Breakfast, Bookstores, and Birthdays

IMG_4176I don’t think there’s any better way to start a day than with a big breakfast, although I’m not sure that any productive day has started in this manner, because filling up on heavy breakfast foods makes me want to do nothing but go home and take a nap, but that’s exactly how I started my day today, the first day of being twenty-seven. I met my dad at the Blue Plate Cafe, a local breakfast spot that has varied between hit and miss in terms of quality during the course of my year living in Memphis, but luckily today was a good day, and the food was delicious. I got two eggs over easy, with two sausage patties and hash browns, with biscuits and gravy arriving at the table like chips and salsa at a Mexican restaurant, a nice bonus to go along with the meal. Everything was so good, but my favorite part of the breakfast was getting to spend time with my dad, whom offered encouraging words about all of the famous people who died at twenty-seven years of age, Jim Morrison, Jimi Hendrix, Janis Joplin, and Kurt Cobain. Needless to say, if I happen to die this year I will be in good company.

After breakfast I decided to check out the new book store down the street, the one that opened in the same spot as The Booksellers at Laurelwood, formerly Davis Kidd, that closed earlier this year. I love that in this era of mostly shopping for books online that there is still a local bookstore to go to when you want a new book, not a chain like Barnes & Noble, but a place that is unique to the city of Memphis, a place called Novel. I went in and it was rather uncrowded, hopefully because today is a Labor Day, a holiday, and it isn’t like this all the time, because if that is not the case I fear it will go the way of The Booksellers and have to close its doors due to declining business. It was a lot smaller than The Booksellers, but Novel maximizes its space, full of books in a nice and quaint environment. I browsed the new selections for a while, completely alone and unbothered by other shoppers I might be in the way of and found a couple of books to my liking that I purchased from the friendly checkout people at the register. I got a receipt and a Novel bookmark and I was on my way.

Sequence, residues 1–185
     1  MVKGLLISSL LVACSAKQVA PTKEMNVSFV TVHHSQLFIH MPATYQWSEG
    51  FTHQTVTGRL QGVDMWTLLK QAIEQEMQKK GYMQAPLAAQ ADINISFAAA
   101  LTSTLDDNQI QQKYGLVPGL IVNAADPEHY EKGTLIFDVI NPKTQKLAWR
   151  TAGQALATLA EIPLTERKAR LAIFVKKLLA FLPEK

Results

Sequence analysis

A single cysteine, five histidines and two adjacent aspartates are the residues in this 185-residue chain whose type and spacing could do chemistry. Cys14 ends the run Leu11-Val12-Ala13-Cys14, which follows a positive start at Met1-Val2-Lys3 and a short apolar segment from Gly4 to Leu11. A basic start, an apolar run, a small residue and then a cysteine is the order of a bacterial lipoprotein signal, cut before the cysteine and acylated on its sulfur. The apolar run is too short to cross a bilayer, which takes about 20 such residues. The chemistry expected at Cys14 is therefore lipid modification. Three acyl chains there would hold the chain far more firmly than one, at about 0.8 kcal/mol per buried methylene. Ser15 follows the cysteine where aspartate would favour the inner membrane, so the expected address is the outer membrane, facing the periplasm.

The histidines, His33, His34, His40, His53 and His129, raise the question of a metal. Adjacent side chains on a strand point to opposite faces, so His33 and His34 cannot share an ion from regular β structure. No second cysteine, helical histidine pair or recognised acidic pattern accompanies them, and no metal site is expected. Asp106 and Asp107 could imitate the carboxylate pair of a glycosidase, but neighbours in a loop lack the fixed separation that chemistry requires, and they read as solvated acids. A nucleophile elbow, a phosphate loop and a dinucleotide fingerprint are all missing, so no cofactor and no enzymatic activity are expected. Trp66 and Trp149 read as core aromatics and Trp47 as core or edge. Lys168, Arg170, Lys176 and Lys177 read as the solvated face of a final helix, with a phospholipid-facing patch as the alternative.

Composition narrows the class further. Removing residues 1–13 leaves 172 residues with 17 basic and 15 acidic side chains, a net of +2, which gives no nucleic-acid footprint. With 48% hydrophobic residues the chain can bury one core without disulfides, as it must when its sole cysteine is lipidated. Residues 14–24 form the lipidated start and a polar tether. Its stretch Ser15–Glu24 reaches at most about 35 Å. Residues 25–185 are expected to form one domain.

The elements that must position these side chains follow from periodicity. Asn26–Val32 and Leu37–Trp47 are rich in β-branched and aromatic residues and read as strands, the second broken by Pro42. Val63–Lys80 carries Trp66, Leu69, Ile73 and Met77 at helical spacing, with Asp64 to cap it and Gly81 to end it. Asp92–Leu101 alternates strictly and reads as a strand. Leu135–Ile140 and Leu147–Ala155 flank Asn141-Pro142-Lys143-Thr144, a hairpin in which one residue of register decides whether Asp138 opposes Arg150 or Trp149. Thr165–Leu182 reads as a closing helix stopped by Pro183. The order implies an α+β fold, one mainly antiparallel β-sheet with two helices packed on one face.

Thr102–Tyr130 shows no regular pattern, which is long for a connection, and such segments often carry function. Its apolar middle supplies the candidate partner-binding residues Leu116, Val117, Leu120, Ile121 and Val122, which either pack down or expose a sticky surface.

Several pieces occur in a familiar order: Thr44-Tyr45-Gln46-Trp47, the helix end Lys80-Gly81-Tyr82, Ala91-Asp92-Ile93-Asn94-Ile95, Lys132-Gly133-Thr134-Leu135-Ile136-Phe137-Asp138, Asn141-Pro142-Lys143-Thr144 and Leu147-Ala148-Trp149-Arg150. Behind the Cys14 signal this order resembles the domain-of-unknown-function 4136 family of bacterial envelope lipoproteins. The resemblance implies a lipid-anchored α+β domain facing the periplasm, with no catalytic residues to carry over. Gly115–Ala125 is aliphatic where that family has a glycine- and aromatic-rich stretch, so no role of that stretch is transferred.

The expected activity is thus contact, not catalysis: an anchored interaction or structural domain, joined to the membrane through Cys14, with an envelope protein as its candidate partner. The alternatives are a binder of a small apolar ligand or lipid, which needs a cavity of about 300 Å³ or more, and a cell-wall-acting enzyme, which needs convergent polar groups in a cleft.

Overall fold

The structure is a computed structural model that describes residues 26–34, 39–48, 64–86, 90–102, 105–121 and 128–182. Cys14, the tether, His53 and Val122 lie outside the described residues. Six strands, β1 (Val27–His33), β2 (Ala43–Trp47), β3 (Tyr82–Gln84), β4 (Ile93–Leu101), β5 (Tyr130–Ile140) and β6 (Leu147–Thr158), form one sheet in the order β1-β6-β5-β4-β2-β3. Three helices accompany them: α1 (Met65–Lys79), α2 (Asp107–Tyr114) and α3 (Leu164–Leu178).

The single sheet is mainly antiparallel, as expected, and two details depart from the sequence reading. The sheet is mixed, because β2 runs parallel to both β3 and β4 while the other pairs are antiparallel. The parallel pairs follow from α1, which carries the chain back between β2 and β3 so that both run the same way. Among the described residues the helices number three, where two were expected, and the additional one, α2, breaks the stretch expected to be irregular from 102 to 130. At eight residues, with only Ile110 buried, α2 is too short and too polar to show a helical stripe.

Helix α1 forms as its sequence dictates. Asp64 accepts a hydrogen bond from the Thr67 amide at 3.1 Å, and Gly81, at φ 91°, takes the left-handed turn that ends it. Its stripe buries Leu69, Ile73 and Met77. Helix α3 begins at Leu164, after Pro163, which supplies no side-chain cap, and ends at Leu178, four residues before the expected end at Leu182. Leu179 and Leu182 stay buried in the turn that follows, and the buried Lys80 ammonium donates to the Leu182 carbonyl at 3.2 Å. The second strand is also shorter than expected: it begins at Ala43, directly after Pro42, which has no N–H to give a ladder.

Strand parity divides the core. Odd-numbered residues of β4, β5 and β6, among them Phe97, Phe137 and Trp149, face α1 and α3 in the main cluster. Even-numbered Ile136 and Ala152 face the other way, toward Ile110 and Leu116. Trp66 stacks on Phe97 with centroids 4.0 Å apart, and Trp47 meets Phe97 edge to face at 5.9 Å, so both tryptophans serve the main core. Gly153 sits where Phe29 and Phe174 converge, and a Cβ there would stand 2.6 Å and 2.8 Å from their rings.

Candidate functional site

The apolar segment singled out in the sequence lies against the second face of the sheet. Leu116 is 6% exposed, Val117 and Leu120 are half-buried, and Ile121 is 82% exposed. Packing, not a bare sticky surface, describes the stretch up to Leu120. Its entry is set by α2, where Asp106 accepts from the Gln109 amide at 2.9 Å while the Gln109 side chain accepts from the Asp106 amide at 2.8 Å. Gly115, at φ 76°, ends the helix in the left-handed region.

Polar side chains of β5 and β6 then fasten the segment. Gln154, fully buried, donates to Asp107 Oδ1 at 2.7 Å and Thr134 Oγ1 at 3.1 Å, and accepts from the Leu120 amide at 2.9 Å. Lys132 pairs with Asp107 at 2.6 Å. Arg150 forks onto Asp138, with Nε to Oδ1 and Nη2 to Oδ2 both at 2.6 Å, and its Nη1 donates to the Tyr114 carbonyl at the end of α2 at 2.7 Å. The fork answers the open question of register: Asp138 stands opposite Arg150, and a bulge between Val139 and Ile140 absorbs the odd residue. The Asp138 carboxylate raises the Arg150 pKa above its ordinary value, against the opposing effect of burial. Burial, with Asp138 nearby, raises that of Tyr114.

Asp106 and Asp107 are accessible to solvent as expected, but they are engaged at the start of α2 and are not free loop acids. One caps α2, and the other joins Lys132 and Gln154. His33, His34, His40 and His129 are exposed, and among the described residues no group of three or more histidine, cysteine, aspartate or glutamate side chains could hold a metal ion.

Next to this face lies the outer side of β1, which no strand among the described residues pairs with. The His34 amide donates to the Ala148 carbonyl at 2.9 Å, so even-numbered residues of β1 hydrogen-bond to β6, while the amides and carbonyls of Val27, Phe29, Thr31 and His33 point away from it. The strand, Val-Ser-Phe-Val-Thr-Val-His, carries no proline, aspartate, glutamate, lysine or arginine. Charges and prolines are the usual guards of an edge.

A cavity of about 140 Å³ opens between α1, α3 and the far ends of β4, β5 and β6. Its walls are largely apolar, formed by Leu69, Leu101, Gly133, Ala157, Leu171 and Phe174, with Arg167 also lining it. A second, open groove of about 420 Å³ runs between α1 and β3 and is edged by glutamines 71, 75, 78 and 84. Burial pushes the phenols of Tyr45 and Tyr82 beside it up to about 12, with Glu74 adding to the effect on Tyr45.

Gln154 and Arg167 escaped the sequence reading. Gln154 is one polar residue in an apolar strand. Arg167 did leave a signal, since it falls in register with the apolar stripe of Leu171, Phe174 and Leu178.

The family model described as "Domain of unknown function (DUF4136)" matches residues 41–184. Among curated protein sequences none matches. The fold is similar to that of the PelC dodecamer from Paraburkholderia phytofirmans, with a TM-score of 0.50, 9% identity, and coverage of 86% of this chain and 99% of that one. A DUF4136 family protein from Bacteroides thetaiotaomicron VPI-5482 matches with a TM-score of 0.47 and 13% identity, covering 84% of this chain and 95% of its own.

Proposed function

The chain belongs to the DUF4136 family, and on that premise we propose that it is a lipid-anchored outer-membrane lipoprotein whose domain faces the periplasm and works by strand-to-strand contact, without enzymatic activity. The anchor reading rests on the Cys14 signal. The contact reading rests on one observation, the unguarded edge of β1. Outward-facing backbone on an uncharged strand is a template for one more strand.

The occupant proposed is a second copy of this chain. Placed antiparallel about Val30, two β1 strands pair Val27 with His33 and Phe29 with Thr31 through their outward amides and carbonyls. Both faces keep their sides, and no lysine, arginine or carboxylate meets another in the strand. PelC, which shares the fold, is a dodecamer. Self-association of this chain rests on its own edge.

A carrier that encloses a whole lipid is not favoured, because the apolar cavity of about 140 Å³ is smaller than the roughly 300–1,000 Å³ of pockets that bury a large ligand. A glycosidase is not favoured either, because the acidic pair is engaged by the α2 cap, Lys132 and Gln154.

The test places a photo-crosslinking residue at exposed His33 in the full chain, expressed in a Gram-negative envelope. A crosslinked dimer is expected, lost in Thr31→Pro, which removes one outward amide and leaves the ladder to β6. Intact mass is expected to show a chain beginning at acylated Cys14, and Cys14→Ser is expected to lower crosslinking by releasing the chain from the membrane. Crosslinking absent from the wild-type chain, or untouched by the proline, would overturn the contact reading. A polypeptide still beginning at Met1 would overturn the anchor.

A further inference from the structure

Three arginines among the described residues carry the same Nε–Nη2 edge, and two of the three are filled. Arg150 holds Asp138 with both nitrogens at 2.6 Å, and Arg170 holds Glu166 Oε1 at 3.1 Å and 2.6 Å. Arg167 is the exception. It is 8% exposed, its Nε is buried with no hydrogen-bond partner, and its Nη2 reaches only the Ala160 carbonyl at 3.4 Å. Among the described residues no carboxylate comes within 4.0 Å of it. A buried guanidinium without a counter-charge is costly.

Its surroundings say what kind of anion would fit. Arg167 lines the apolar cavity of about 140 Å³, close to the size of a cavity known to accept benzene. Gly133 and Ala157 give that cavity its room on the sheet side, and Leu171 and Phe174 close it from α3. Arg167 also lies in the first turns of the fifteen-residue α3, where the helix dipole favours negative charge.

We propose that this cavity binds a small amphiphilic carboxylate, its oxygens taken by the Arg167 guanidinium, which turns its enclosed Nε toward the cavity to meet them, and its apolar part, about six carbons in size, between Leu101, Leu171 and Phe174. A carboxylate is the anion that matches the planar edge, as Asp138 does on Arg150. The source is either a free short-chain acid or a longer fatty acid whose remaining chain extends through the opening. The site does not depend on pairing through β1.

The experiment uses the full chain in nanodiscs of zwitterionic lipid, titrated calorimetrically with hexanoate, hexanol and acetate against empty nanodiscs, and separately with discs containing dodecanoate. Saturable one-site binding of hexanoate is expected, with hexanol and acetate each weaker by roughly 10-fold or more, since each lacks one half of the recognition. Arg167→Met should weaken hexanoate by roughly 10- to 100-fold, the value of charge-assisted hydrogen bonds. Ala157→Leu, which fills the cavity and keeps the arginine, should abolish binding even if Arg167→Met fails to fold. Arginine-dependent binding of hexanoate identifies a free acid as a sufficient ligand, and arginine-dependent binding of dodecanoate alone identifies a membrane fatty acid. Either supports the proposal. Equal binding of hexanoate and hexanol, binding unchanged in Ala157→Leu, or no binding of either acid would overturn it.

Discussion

I got a lot of good books for my birthday, courtesy of my dad, and purchased a couple more at Novel, so I spent the rest of my day reading, trying to finish the book that I’m currently reading so that I can start on the new ones. I still have about two hundred pages to read, but hopefully I can finish that one either today or tomorrow so that I can start on the many new books that I have gotten over the past few days. The days is not over yet, but all signs indicate a great birthday, and although I don’t feel any differently today than I did yesterday at twenty-six, I am optimistic about the future and hope that twenty-seven will be a fantastic year. Keep reading the daily blog to find out how it goes.

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My Tumultuous Relationship With the Public Library

The relationship between myself and the public library has been a somewhat tumultuous one over the years, with many more negatives than positives, although this has been entirely my fault, and like a bad couple who seem to keep breaking up and getting back together, so it is with me and the library, thinking each new time will be different, but so far that has never been the case. There was the Little Rock Public library, the one I grew up visiting, a relationship that started off great as I spent summers throughout childhood checking out as many books as they would allow and returning back countless times for more, but as I got older things changed. I would check out books that seemed interesting at the time and then more often than not I would get distracted with something else and end up not reading them, which wouldn’t have been a problem at all had I remembered to return the books. By the time I left Arkansas to go to college in Minnesota I had racked up over seventy dollars in fees from the library, but my mom bailed me out, giving me a fresh start when I decided to venture into the world of checking out books again.